Cheap Car No. 10
Fiat Panda - cheap, but potentially dangerous?
The Fiat Panda is a car that has been around since 2011, with numerous improvements since then. It is slightly larger than other city cars, and stands higher too, which means that taller passengers can benefit from better headroom.
The car has a good reputation for reliability. However, in crash tests carried out at Thatcham Research in 2018 it scored poorly in all of the four tests and it was awarded zero stars out of a possible 5 in the official EURO NCAP test. There was particular concern about the safety of children in the rear seats. Could this be the reason for such high discounting?
What you get for your money
The 1.2 Pop five door Panda has a manufacturer's list price of £10,080, but discounts can be available to bring it as low as just over £8500. We have even seen prices of just over £8,000 mentioned.This buys a small but comfortable car with a 1.2 litre four-cylinder petrol engine producing 69 brake horsepower, and a top speed of 102 mph, with nought to 60 in 14.8 seconds. Transmission is via a five-speed manual gearbox.
Equipment in the basic model is fairly sparse; there is a radio/CD player, electric windows to the front, steering wheel rake adjustment and front head restraints. For safety there are driver, curtain and passenger airbags, ABS, traction control, tyre pressure monitoring and Isofix child seat anchor points. Air conditioning is available as an optional extra at around £600.
Thatcham research recommended that as an absolute minimum the cars should be fitted with an Autonomous Emergency Braking system, as well as more protection for the driver and passengers.
The extra height of the Panda has more benefits than just giving more headroom. It also gives the driver a better view of the road which is helped even further by good all-round visibility. The engine, however, has to be worked really hard, and it can get noisy when pushed; performance is not the best point of this car, as the relatively slow acceleration figure above shows. It benefits from a stop start technology however, which cuts down the fuel consumption and helps to produce a claimed 54 mpg, although as usual in real life most drivers will struggle to achieve this.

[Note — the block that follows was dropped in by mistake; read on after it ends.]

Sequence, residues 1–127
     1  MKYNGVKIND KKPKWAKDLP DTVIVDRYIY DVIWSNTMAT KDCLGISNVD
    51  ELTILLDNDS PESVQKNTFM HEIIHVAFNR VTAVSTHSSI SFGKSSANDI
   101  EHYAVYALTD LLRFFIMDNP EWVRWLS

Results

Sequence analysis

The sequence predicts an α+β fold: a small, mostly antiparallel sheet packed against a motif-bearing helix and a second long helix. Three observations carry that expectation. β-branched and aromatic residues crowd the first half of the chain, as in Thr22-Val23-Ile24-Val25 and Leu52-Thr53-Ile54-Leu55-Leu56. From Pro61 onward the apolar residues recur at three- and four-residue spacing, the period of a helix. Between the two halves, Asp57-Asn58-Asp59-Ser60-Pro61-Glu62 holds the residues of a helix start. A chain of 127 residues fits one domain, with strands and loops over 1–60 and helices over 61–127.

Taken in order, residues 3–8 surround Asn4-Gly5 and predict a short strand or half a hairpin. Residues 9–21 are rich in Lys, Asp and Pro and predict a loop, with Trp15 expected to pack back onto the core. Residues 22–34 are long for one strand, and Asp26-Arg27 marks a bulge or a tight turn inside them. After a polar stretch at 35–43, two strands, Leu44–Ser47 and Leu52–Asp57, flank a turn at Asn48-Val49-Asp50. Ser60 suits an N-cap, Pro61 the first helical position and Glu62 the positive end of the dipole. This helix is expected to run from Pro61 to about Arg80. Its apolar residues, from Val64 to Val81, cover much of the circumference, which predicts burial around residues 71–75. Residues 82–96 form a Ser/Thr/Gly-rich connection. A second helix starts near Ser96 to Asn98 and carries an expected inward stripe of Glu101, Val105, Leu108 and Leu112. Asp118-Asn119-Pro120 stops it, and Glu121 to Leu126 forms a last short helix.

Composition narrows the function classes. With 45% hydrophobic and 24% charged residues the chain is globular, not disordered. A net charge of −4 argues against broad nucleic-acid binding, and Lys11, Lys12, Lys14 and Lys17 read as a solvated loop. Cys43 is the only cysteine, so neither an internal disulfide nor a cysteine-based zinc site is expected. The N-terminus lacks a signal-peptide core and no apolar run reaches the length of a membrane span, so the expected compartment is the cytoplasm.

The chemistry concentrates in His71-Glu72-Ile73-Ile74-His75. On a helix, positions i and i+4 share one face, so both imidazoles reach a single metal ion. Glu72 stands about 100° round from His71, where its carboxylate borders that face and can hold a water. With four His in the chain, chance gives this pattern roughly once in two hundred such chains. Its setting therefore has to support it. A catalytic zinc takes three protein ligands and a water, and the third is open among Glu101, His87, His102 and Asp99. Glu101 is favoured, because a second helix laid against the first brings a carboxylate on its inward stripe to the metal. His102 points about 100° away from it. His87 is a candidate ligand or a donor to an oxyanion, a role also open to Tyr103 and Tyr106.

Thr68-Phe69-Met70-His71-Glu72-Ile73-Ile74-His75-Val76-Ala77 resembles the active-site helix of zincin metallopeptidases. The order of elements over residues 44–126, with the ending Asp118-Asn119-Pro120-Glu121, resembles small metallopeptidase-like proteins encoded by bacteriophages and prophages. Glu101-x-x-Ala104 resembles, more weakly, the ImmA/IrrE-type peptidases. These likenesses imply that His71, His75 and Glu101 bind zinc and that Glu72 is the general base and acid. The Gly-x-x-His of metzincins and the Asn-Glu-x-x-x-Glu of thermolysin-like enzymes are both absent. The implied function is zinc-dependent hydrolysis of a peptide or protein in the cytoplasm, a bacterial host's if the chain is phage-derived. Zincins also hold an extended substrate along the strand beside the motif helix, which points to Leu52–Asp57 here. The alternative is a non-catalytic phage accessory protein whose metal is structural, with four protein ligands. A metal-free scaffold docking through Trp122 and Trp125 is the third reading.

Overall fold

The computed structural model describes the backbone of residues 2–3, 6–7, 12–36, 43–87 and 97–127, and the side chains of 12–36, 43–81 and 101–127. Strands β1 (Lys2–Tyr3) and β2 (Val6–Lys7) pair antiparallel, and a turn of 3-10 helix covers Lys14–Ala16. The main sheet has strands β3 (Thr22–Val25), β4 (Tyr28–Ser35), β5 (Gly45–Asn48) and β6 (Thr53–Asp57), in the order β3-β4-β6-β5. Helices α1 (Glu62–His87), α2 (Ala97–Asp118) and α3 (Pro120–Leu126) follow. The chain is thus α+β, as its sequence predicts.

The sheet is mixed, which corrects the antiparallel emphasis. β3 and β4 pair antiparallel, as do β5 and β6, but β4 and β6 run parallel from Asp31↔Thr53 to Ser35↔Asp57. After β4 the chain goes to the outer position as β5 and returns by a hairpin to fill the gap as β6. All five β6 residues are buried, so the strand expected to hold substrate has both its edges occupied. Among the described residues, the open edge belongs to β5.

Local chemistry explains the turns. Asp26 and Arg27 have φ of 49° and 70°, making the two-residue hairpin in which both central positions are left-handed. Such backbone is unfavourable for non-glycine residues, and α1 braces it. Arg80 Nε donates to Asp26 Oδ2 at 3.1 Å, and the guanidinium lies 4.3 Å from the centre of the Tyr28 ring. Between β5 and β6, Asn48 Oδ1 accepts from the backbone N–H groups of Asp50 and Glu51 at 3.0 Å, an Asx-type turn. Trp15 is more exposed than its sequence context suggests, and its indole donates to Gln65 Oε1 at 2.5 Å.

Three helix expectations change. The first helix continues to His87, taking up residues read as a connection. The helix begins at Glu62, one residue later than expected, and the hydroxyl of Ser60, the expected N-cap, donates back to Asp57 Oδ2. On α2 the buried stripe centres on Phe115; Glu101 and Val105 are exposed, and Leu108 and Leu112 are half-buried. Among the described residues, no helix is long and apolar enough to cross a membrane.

Two adults in the back can fit in with reasonable comfort, but three would be a tight squeeze.
Insurance and safety
The car is in insurance group 6, which means that insurance premiums will be higher than for other similar cars. Thanks to the head restraints it has a whiplash rating of good. However: the awful EURO NCAP rating must be a cause for concern.
The rear bench seat can slide backwards and forwards. This can provide either more legroom for the rear seat passengers, or extra boot space. The tailgate opens wide to give easy access to the boot, and there is only a small lip to lift luggage over.
The warranty is for three years or 60,000 miles; this is fairly average but does not compare well with the seven year warranties of the Kia Picanto or Hyundai i10. However the Panda is a long established, tried and tested car with a good reputation for reliability.
In short, the Panda has a little more space than most of its rivals, particularly for taller drivers and passengers, with plenty of storage space in the cabin and a boot that can be easily expanded, thanks to the sliding rear seat. Like most of its competitors it is thoroughly at home driving around the city streets, but will struggle on long drives, particularly on motorways. Just don't crash it. It has to be borne in mind though that when the Panda was first tested back in 2011 it scored four out of a possible five stars. Since then however standards have changed and new cars are expected to have additional safety features. It didn't just become dangerous overnight!